Cassandra to Cosmos DB data migration


Having planned and created the Cassandra API database in Azure Cosmos DB, the next stage is to migrate data into it from your on-premises server.

In your video camera manufacturer, you want to migrate data into Azure with no changes and with no recoding for the web application. You've been asked to choose and execute the most appropriate migration of data.

Here, you'll learn how to execute a database migration. You can either use the CQLSH COPY command to move local data to Azure Cosmos DB or you can use Spark.

What is CQLSH?

Cassandra Query Language (CQL) is the native query language that administrators and developers use to define the data in a Cassandra Database, populate the database, and run queries against it. CQL is the Cassandra equivalent of SQL for structured databases but it has features that facilitate working with the semi-structured, tabular data you find in Cassandra.

CQLSH is a command-line tool that you can use to run CQL commands against a Cassandra database or a Cassandra API database in Azure Cosmos DB. It includes an interactive COPY command, which you can use to extract data from your on-premises database and import it into Cosmos DB.

What is Apache Spark?

Apache Spark is a general-purpose framework for running computing tasks on clusters of computers. It is designed to handle large quantities of data and process it quickly by distributing tasks across members of the cluster and handling operations in memory.

Spark is open-source and often used for Extract, Transform, and Load (ETL) workloads, data-processing in real-time, and batch processing of large quantities of data at rest. It also has extensions that can perform machine learning, graph processing, and SQL operations.

For migrating a database to Cassandra API databases in Azure Cosmos DB, Spark is much more flexible than CQLSH. However it may take more work to set up and execute migrations.

Spark is the recommended method, however, as versions of Spark and Cassandra change, it can be more complex.


Export the data from the Cassandra database

Initially, connect to your Cassandra database from the Azure Cloud Shell using SSH. Once you have connected to the server, perform the following steps:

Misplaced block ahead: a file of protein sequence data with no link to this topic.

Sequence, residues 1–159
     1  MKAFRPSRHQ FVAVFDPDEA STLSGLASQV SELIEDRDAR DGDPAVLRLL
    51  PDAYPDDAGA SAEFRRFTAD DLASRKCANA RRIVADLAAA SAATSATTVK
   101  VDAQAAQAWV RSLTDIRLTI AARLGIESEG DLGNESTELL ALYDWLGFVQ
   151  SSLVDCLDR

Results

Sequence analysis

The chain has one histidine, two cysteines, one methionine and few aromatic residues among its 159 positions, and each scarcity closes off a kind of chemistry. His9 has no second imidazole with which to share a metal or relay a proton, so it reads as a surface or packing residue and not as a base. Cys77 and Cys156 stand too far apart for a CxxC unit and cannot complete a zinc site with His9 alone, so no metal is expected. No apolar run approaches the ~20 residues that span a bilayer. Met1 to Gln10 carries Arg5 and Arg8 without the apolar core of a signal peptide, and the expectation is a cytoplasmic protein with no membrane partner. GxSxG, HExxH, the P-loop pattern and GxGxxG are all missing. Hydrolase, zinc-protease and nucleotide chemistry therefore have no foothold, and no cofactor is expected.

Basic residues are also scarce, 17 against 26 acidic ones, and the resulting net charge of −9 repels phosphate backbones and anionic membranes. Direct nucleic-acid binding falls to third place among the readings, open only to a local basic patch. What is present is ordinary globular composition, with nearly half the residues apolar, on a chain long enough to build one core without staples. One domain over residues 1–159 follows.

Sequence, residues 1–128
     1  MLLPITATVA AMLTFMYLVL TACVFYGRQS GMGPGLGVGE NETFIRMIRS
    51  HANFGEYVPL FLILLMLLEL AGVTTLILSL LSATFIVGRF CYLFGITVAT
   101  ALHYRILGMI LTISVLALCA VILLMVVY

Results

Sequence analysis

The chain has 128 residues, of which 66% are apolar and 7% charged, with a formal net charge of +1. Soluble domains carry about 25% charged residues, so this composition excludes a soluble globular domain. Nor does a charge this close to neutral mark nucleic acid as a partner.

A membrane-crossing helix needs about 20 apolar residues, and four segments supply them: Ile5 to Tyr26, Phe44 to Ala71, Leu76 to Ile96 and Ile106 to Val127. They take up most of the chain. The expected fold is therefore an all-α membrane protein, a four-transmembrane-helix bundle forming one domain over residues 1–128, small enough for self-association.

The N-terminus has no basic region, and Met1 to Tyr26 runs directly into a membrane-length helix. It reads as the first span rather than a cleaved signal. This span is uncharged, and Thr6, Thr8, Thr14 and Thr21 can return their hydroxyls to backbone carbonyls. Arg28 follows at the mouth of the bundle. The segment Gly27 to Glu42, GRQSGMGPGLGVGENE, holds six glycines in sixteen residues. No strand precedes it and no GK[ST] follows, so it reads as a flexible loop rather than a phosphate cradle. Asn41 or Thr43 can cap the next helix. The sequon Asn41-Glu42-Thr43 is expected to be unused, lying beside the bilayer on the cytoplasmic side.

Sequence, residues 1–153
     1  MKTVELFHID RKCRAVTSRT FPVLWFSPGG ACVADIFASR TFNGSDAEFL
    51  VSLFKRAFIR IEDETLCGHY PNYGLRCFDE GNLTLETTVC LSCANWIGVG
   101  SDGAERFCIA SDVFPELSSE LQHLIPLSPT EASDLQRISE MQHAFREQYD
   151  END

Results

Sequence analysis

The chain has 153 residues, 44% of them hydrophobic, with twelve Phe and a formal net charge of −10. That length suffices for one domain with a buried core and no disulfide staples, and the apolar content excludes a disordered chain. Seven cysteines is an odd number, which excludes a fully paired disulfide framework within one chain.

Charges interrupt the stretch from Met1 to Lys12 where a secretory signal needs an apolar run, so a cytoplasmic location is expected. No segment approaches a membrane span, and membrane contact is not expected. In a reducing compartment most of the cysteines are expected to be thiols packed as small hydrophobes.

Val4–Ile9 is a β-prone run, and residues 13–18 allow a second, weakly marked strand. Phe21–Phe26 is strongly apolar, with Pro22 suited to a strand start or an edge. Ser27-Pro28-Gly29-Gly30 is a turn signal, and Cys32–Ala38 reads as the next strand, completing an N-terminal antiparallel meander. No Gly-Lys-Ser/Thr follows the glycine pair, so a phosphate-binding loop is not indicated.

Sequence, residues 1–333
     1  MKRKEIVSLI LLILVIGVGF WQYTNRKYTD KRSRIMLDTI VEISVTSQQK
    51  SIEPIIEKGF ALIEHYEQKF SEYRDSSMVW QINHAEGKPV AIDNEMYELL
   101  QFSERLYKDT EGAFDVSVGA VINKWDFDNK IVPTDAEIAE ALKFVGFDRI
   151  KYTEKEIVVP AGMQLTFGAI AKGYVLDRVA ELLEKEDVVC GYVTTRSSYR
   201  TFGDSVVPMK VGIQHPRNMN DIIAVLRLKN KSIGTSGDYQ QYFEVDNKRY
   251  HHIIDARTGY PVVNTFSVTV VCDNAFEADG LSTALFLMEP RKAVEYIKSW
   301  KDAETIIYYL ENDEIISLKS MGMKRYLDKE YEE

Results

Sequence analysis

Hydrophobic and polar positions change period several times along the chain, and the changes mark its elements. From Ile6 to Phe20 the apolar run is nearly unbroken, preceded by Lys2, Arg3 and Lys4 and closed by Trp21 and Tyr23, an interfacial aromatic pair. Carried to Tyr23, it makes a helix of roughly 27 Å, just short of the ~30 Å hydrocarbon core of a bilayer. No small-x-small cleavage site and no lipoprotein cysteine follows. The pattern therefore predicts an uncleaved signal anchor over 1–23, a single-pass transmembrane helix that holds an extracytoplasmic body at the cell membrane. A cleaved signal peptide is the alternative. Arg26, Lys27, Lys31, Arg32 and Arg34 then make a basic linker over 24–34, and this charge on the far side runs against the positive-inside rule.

1. Run the following command to start CQLSH:

    cqlsh -u <your username> -p <your password>
  2. Run the following command for each table that you wish to migrate:

    COPY <keyspace name>.<table name>
    TO '<filename>.csv';

The command creates a .csv file, which contains all the data from the table.

Import the data to Cosmos DB

To migrate data using CQLSH COPY, perform the following steps for each table:

  1. Connect to your Cosmos DB account in the Azure portal.

  2. In Settings, click Connection String, and copy the PRIMARY CONNECTION STRING.

  3. Sign in to CQLSH with the primary connection string.

  4. Copy local data to Cosmos DB using the COPY command:

    COPY <keyspace>.<table> FROM <table and data name>


For keypace, specify your keyspace, for table, specify your table name, and for table and data name, specify the table and data name that you specified during export.

Migration with Spark

Apache Spark is a data processing framework that distributes processing tasks across multiple servers or containers in order to scale out to very large capacities. It's an ideal tool to use for migration when you have a large quantity of data to import into Azure Cosmos DB Cassandra API because you can scale the Spark cluster to process data very quickly. It also has extensive capabilities for transforming the data should that be necessary for your project.

You can use a Spark cluster on-premises or outside Azure. However, Azure provides the Databricks and HDInsight services for hosting clusters in Azure.